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  • Frontier Seaport: Detroit's Transformation into an Atlantic Entrepôt by Catherine Cangany
  • John Reda
Frontier Seaport: Detroit’s Transformation into an Atlantic Entrepôt, by Catherine Cangany. American Beginnings Series. Chicago, University of Chicago Press, 2014. 288 pp. $45.00 US (cloth).

The ongoing project to more fully incorporate the story of French communities into colonial and early national American history takes another step forward with Catherine Cangany’s Frontier Seaport: Detroit’s Transformation into an Atlantic Entrepôt. As the subtitle indicates, however, Cangany’s monograph also places the story of Detroit’s early history within the framework of the burgeoning field of Atlantic world history. But lest we categorize this work as principally imperial in its orientation, Cangany reminds the reader early on that, “The town’s close proximity to Native groups, its physical separation from apathetic imperial powers concerned only with maintaining the settlement’s financial viability, and repeated political upheavals made Detroiters resistant to full assimilation into the broader Atlantic World” (p. 4). In six chapters that are at once thematic and chronological, we learn that despite the regime changes that occurred during Detroit’s first century, the continuities of its culture, economic, and political “localisms” reveal as much or more about the history of this specific place and its people. Comparatively, the strength of its culture allowed it, by the 1730s, to transcend its location in North America’s interior to become connected to the Atlantic world’s consumption-based economy.

The book’s first two chapters trace the ways by which Detroit’s first settlers used the fur trade to forge connections both to Native Americans in their vicinity and to suppliers of the growing number of consumer goods that were crossing the Atlantic by the 1730s. Cangany uses a wide array of sources that includes merchants’ records, probate and criminal court records, French, British, and American military correspondence, travel [End Page 593] narratives, and newspapers, to demonstrate the “cultural hybridity” (p. 5) that developed in Detroit during the eighteenth century. Demonstrating again the usefulness of histories that look at change over time in specific geographic places, we are able to appreciate Detroit’s unique development as both a cosmopolitan and provincial community.

In chapter three Cangany uses moccasins as a case study to demonstrate even more specifically how something that might be simply categorized as an example of cultural appropriation became something more important both to Detroiters and to the wider Atlantic world. The first Europeans to wear moccasins were “priests, farmers, and soldiers living in any number of borderlands” (p. 75) who simply found them a superior form of footwear for local conditions. But in Cangany’s telling we see how moccasins gradually became part of Detroit’s hybridized culture — “a collaboration between Native artisans and small-scale Native and white suppliers” (p. 94) — before becoming commodified by Euro-Americans who began producing them for consumption on the American East Coast, helping to develop, as part of the production process, a local tannery industry.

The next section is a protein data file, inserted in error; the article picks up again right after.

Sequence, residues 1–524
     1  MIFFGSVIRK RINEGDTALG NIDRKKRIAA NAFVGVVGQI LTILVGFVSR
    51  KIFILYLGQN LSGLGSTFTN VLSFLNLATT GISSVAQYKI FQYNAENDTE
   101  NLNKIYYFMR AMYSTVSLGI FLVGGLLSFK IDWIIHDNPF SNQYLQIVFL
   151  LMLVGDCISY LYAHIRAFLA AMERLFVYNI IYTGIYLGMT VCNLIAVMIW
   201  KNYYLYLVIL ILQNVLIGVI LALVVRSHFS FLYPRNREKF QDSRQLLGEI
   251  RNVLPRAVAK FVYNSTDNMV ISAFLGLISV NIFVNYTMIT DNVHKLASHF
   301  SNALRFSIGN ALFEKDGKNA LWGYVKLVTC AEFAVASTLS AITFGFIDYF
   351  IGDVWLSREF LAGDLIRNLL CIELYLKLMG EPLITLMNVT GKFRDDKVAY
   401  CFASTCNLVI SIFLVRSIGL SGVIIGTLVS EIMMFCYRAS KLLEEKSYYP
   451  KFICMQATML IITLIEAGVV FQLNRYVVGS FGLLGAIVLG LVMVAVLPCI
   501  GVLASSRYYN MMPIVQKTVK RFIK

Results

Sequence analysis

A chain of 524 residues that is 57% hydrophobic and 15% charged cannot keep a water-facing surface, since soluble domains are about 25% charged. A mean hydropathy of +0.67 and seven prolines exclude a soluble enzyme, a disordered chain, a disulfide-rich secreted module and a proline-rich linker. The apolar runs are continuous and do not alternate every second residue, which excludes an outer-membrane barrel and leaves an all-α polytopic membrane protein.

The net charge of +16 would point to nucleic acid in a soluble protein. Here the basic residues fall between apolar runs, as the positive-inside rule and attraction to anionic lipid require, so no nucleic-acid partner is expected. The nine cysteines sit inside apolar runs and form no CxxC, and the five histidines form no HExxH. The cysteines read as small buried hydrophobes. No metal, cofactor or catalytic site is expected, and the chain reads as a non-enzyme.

In the book’s final three chapters the focus shifts to the changes in sovereignty that accompanied the Seven Years War and the American war for independence. Here the focus is on the persistence of local cultural, political, legal, and economic traditions in the face of changes in sovereignty. Cangany deftly shows that persistence required resistance — that took many forms, ranging from petitioning to smuggling. Over time Detroit and its shifting demographic mix of peoples were assimilated into the young American republic, but not until a protracted give and take between local actors and distant (and not so distant) officials worked out the terms of that assimilation.

Central to the process on assimilation that Cangany traces was the fact that, “In 1796, when Britain ceded Detroit to the United States, the Detroit River became for the first time in its history an international boundary” (pp. 170–171). The book might have benefitted here from even a brief reference to St. Louis, another American city with French roots built alongside a river — in this case the Mississippi — that was an international boundary for part of its colonial period but ceased to be such after the Louisiana...


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pp. 593-595
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